The economics of search is a prominent component of economic theory, and it has a richness and elegance that underpins a host of practical applications. In this book Brian and John McCall present a comprehensive overview of the economic theory of search, from the classical model of job search formulated 40 years ago to the recent developments in equilibrium models of search.
The book gives decision-theoretic foundations to seemingly slippery issues in labour market theory, estimation theory and economic dynamics in general, and surveys the entire field of the economics of search, including its history, theory, and econometric applications. Theoretical models of the economics of search are covered as well as estimation methods used in search theory and topics covered include job search, turnover, unemployment, liquidity, house selling, real options and auctions. The mathematical methods used in search theory such as dynamic programming are reviewed as well as structural estimation methods and econometric methods for duration models. The authors also explore the classic sequential search model and its extensions in addition to recent advances in equilibrium search theory.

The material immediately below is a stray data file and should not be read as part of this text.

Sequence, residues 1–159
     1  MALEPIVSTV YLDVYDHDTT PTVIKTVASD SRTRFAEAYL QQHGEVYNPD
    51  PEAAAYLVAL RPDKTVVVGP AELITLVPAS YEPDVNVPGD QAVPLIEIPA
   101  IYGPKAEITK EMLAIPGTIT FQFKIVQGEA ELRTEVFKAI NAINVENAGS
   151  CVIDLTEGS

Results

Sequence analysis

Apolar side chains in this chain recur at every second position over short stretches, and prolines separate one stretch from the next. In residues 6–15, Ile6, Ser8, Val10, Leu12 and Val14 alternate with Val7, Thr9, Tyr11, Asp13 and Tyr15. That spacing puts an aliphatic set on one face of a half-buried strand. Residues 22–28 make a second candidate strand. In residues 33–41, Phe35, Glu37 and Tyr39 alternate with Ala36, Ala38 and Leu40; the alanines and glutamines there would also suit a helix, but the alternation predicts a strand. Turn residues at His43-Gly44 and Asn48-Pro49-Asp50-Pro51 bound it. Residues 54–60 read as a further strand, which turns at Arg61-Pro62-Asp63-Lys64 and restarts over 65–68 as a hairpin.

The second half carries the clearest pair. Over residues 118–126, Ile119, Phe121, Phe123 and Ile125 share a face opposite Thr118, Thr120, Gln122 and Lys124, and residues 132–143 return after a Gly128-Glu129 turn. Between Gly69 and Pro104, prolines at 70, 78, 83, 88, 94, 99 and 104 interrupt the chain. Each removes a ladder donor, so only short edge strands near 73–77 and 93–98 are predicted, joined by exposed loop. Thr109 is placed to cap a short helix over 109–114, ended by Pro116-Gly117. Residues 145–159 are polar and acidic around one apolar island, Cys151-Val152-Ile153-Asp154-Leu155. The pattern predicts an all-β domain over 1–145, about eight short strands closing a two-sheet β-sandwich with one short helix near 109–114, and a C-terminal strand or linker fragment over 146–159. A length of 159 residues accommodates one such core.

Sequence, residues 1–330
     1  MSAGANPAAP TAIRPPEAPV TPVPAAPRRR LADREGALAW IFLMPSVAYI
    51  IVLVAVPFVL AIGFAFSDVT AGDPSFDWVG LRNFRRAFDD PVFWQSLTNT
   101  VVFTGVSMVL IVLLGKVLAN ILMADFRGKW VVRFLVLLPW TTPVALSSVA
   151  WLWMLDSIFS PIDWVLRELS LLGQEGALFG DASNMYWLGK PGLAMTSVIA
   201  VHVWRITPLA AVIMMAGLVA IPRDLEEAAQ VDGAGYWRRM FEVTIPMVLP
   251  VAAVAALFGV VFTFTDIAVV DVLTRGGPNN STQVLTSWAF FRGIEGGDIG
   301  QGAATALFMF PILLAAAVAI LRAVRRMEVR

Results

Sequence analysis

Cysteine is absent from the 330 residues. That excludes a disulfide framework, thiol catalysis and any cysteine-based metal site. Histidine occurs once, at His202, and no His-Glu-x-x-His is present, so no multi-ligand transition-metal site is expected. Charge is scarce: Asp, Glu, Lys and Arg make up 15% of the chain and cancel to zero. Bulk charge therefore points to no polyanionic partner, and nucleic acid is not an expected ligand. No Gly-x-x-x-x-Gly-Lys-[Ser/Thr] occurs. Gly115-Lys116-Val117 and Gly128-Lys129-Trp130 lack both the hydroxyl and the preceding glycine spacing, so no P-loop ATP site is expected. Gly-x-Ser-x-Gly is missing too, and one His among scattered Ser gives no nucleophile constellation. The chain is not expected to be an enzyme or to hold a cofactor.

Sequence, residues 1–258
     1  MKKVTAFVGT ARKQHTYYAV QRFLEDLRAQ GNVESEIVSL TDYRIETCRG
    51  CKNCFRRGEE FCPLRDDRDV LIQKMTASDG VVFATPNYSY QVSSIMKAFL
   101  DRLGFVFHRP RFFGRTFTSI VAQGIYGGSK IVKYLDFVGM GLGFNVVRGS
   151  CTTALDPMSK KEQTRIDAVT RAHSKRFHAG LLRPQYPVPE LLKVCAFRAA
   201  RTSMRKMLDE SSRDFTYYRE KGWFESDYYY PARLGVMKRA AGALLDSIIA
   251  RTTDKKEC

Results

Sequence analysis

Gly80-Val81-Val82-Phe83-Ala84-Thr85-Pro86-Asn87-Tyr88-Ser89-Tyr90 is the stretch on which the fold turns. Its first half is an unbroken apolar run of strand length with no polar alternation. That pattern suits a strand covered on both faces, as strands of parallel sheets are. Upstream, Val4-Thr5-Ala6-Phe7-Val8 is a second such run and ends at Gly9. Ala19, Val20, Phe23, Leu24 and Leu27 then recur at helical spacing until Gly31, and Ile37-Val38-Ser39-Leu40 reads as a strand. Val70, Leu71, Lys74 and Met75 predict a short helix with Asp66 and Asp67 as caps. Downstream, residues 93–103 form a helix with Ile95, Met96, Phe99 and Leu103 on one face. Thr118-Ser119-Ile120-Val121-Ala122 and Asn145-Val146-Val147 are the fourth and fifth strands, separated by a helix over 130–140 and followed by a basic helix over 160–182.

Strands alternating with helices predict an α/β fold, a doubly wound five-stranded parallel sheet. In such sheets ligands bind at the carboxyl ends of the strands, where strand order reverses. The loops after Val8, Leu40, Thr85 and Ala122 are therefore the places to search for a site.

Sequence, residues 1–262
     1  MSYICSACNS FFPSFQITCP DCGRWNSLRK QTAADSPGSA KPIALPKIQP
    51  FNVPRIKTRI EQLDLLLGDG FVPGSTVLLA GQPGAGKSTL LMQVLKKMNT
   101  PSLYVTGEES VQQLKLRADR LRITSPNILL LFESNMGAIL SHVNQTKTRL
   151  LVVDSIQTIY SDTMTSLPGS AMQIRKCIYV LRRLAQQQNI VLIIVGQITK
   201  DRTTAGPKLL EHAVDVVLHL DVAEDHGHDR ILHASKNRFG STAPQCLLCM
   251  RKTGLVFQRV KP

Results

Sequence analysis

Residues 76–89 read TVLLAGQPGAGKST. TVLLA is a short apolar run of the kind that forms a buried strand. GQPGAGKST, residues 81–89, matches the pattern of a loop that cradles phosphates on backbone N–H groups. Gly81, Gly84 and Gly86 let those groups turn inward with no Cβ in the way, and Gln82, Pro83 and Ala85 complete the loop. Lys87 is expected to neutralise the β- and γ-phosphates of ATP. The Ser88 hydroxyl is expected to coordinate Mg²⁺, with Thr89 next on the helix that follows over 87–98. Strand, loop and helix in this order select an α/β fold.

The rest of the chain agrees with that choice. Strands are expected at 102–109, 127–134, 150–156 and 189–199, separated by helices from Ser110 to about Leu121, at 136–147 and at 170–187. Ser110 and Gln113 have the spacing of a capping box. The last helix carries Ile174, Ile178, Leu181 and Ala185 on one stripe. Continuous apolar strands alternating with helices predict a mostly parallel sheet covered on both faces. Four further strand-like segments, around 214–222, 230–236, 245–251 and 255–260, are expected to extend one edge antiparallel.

1. Introduction 2. Mathematical Methods 3. The History and Evolution of Sequential Analysis 4. The Basic Sequential Search Model and its Ramifications 5. Estimation Methods for Duration Models 6. Unemployment, Unemployment Insurance and Sequential Job Search 7. Job Search in a Dynamic Economy 8. Expected Utility Maximizing Job Search 9. Multi-armed Bandits and their Economic Applications 10. A Sample of Early Response to Diamond’s Paradox and Rothschild’s Complaint 11. Equilibrium Search after the Diamond-Mortensen-Pissarides Breakthrough 12. Structural Estimation Methods 13. The Ubiquity of Search 14. Topics for Further Inquiry